Or it would have been, if the exhibition catalogue had not kept casting faint shadows across this serene display, hints of just the kind of discrepancy referred to at the start of the Introduction. On one page it was a comment from Lady Mary Wortley Montagu that the young tourists 'only remember where they met with the best Wine or the prettyest Women', on another a reminder that the caricaturist Thomas Patch had been expelled from Rome for 'homosexual indiscretion', elsewhere a note that the tutor of the young 8th Duke of Hamilton 'had some difficulty in restraining his charge's amorous adventures'. Trivial observations, but also signs of a reality that was hard to discern among the pictures on exhibition. And then there was the Frenchman Charles de Brosses, who arrived in Rome in November 1739 to find it seething with English. 'The money the English spend in Rome and their custom of making a journey there as part of their education is of scant benefit to the majority of them,' he wrote, adding that there were some 'who will leave the city without having seen anyone but other Englishmen and without knowing where the Colosseum is.' So much for experiencing and studying foreign cultures. To have yourself painted in front of the Colosseum was apparently no guarantee of an inclination to visit it. The English tourists of whom de Brosses was writing -- 'the majority' -- seem to have had concerns rather different from either the cultural pursuits captured on canvas or the 'understanding of international politics and the acquisition of valuable contacts' which the catalogue tells us was the other important goal of the Tour. For these tourists the lure of Italy obviously lay elsewhere, in attractions quite unrepresented by the exhibits in the Tate. It is this gap in the record that I would like to explore.
Since the early Middle Ages the road of Europe had seen a varied traffic of princes, pilgrims, pedlars, scholars, merchants, masons, diplomats and assorted hangers-on. A glance at the range of travel writing before the eighteenth century turns up accounts by travellers from all over the Continent, and whatever their avowed purpose, many of them were clearly prompted as much by tourist curiosity as by any practical consideration. A Polish cleric on the way to Italy, an eccentric Englishman tramping across Europe on foot, a French politician gathering information about the Spanish economy -- all of them were tourists of a sort, but in an incidental fashion. What distinguished the Grand Tour from earlier forms of travel was its elevation of tourism among the British aristocracy to the status of a cultural institution. The term itself is first recorded in Richard Lassels' The Voyage of Italy (1670), though twenty years earlier the diarist John Evelyn had been able to talk of a traveller on a journey through Europe 'making the tour as they call it'. From being simply descriptive of common tourist practice, this concept of the Tour became through the second half of the seventeenth century increasingly prescriptive. Male, upper-class and predominantly English, it defined an experience of travel that was argued by many to be essential to the proper education of a gentleman. There was no set route for the Grand Tour and fixed duration, but in general it was expected to last at least a couple of years and to include France, Switzerland and Italy, probably taking in Germany and the Netherlands on the way home.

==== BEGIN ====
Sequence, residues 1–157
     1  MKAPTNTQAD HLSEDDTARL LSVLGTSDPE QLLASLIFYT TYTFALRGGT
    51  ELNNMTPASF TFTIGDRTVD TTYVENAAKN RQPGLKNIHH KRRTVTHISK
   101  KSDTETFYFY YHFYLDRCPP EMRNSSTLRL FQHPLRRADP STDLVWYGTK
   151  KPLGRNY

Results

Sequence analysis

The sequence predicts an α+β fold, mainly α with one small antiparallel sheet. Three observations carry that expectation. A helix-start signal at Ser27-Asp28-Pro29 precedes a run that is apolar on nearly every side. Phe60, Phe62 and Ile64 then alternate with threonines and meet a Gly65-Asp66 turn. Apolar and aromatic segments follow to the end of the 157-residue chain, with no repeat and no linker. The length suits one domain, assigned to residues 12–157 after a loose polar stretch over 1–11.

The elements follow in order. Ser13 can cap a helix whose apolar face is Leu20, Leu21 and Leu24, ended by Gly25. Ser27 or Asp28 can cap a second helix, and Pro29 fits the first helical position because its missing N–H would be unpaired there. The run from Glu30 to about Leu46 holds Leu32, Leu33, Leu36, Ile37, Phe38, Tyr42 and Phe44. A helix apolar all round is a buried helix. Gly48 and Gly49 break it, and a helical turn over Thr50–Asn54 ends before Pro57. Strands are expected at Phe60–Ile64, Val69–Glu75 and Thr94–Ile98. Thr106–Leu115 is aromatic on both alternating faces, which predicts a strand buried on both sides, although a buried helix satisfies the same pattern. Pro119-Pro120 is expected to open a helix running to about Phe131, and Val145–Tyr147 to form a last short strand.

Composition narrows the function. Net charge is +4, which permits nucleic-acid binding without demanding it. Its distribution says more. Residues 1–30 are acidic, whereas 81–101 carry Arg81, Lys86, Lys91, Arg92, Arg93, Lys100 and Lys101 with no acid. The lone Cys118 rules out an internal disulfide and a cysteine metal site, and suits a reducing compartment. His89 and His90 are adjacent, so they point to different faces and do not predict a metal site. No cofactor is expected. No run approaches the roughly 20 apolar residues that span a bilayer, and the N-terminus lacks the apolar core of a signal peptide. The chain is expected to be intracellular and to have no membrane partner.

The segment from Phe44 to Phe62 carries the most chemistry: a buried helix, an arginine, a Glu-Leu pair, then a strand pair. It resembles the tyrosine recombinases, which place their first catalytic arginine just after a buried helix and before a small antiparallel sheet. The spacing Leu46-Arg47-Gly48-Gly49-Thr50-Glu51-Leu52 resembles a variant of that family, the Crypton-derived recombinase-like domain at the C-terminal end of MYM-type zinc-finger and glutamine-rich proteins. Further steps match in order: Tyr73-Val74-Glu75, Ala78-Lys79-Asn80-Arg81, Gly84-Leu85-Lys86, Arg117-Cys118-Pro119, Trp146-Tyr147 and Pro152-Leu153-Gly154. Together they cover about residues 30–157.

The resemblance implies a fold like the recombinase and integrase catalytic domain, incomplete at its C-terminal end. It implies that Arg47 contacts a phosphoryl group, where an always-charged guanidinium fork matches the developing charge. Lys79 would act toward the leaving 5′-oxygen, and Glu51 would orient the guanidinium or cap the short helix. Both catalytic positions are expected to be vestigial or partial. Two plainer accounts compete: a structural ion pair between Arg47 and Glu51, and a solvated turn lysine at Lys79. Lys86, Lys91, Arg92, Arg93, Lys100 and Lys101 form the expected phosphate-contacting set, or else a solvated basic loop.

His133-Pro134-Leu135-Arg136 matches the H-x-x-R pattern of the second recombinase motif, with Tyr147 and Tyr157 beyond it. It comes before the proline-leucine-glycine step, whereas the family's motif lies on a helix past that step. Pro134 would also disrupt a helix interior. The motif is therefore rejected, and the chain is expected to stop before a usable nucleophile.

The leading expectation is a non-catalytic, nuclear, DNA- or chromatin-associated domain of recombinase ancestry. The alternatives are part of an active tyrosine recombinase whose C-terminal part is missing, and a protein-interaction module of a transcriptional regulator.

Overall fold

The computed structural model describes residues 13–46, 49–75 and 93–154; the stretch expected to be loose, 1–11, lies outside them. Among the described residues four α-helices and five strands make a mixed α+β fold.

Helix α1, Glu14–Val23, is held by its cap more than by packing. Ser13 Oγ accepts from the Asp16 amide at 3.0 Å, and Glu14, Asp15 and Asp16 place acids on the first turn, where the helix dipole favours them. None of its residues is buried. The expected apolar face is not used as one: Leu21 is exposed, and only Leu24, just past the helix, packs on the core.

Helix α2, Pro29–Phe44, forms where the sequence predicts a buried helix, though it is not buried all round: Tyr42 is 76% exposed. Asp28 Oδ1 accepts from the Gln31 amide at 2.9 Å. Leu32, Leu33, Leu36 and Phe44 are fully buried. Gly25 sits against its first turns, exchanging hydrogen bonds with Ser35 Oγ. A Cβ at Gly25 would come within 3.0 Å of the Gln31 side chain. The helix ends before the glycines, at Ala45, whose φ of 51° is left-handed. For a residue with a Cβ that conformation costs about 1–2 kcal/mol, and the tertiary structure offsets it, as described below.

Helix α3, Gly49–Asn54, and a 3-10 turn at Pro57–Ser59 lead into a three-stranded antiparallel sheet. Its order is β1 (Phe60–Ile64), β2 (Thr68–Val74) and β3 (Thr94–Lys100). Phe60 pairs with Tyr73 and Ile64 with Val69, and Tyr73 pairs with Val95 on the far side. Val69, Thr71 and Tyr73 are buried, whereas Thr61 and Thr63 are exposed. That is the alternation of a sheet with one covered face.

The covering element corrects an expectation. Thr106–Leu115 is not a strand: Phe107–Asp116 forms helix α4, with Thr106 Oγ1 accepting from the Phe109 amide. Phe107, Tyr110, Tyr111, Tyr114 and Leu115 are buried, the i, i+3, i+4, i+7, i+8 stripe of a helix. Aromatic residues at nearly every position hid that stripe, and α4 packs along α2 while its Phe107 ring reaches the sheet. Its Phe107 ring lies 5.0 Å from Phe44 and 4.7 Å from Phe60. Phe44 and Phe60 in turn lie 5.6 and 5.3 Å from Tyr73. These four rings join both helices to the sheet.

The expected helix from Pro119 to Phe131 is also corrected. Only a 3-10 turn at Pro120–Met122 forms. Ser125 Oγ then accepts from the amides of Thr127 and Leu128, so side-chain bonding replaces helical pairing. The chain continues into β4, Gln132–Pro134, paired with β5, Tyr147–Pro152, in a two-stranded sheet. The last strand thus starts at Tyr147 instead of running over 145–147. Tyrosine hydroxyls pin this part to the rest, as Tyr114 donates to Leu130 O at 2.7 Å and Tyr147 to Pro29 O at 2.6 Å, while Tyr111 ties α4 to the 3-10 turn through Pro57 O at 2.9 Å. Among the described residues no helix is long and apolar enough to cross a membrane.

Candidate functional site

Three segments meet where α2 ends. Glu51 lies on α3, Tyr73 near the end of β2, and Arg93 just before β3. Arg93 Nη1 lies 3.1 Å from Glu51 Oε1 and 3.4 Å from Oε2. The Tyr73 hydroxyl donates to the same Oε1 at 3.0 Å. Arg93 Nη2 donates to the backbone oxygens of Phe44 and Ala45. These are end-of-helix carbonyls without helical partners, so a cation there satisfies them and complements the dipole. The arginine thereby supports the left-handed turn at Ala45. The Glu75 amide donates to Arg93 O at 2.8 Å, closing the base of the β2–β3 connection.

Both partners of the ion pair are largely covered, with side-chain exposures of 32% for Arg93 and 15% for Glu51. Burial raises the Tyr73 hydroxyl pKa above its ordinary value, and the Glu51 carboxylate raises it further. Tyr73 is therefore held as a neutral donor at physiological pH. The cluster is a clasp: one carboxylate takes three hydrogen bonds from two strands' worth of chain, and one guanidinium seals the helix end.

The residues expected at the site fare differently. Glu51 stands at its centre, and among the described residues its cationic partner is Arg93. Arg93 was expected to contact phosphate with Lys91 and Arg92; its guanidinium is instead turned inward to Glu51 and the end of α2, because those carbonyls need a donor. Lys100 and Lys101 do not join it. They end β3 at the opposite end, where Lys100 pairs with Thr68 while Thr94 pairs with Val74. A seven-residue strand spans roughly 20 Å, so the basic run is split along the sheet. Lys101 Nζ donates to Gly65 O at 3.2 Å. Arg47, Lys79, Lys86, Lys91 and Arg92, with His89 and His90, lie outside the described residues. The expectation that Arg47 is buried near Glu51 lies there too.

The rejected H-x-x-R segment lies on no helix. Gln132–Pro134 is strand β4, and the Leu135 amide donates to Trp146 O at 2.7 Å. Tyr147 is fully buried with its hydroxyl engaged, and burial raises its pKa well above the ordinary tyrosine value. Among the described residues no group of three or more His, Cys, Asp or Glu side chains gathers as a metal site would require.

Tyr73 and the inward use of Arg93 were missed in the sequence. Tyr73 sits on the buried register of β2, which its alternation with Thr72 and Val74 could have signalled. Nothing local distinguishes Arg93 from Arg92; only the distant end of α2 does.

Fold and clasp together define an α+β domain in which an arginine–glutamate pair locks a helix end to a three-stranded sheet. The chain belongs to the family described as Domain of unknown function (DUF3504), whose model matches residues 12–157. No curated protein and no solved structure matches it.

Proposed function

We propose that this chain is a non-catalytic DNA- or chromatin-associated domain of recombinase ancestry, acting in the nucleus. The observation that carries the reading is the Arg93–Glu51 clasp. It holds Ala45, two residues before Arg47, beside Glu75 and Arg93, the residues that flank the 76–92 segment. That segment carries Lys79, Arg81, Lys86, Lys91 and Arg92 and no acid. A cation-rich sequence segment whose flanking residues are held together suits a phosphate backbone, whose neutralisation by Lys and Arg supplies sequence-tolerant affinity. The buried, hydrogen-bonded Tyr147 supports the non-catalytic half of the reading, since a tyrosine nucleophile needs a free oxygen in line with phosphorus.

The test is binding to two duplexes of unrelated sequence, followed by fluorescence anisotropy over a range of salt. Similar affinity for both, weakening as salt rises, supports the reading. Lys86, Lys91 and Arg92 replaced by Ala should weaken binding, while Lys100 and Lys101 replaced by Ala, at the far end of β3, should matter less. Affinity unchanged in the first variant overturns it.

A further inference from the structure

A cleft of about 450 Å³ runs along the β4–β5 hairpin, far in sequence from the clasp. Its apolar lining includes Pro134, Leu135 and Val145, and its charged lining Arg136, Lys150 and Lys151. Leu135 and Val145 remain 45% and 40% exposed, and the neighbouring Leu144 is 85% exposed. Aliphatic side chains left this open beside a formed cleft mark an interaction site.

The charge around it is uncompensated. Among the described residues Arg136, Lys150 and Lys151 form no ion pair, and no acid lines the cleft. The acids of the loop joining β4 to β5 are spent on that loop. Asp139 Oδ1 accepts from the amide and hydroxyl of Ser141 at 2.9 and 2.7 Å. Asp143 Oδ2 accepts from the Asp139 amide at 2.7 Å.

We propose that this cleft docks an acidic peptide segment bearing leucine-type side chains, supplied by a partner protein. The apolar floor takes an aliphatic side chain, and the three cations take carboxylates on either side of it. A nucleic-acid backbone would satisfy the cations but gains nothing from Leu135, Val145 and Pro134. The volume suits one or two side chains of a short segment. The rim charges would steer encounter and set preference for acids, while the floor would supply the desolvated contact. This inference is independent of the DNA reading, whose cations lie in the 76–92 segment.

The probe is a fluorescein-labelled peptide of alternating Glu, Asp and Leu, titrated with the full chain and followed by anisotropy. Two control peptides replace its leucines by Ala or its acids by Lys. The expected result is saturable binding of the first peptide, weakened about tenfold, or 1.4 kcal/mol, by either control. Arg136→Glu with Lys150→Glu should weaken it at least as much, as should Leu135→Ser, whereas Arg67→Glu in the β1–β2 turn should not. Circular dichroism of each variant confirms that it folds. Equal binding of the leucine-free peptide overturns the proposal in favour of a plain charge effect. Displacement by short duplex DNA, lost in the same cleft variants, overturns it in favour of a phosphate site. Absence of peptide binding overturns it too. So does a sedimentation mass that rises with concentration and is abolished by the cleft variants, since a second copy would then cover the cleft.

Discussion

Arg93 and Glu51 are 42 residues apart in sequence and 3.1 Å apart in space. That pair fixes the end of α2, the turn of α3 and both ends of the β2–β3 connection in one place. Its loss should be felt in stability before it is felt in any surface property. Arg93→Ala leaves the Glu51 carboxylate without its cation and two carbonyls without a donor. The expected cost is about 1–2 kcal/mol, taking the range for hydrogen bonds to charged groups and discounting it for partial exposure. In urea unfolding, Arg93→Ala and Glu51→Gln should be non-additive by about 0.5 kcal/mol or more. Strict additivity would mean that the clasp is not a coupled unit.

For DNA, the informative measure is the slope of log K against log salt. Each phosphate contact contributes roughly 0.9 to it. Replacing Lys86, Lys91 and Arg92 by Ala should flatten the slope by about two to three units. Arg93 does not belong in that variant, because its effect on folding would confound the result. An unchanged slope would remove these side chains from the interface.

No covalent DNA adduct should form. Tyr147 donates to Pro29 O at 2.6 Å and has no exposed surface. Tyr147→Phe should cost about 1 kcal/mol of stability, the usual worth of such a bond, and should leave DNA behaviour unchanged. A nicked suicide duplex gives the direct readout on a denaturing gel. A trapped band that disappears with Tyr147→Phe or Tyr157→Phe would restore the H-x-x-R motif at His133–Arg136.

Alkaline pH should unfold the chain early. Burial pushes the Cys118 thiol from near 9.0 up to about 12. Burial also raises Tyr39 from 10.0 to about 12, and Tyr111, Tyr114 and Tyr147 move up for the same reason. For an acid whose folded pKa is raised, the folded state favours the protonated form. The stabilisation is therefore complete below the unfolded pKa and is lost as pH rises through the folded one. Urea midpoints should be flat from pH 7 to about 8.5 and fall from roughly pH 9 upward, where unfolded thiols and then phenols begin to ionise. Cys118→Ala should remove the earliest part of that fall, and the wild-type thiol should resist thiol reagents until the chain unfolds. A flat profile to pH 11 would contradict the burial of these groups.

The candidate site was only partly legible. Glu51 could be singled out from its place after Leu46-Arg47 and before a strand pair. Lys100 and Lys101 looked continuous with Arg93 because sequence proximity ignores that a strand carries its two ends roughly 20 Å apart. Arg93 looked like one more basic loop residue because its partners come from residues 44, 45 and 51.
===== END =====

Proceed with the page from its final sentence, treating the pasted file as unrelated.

By the early eighteenth century, this period of foreign travel was a recognized feature of British aristocratic life. The purpose envisaged for it was summed up by the scholar and antiquarian Thomas Nugent in his popular guidebook, The Grand Tour (1749): 'to enrich the mind with knowledge, to rectify the judgment, to remove the prejudices of education, to compose the outward manners, and in a word to form the complete gentleman'. This is the official version of the Tour. Its stated aim is educative: the young man, usually accompanied by a tutor, his so-called 'bearleader', sets out on his travels to observe, to discriminate, to improve. The validity of the journey is measured in terms of things seen, learnt and collected. On his return, the tourist will be able to lay claim to at least the basic elements of connoisseurship -- a word that found its way into the language at just the time the Grand Tour was entering its heyday. His business abroad has been to school himself socially and to acquire the cultural capital that will define him as a civilized person. In establishing the identity of tourist-as-connoisseur, the Tour gives a pattern to what has remained the standard form of culturally approved tourism. Today's guidebook, with its list of monuments and its advice on local purchases, is a direct descendant of Nugent's.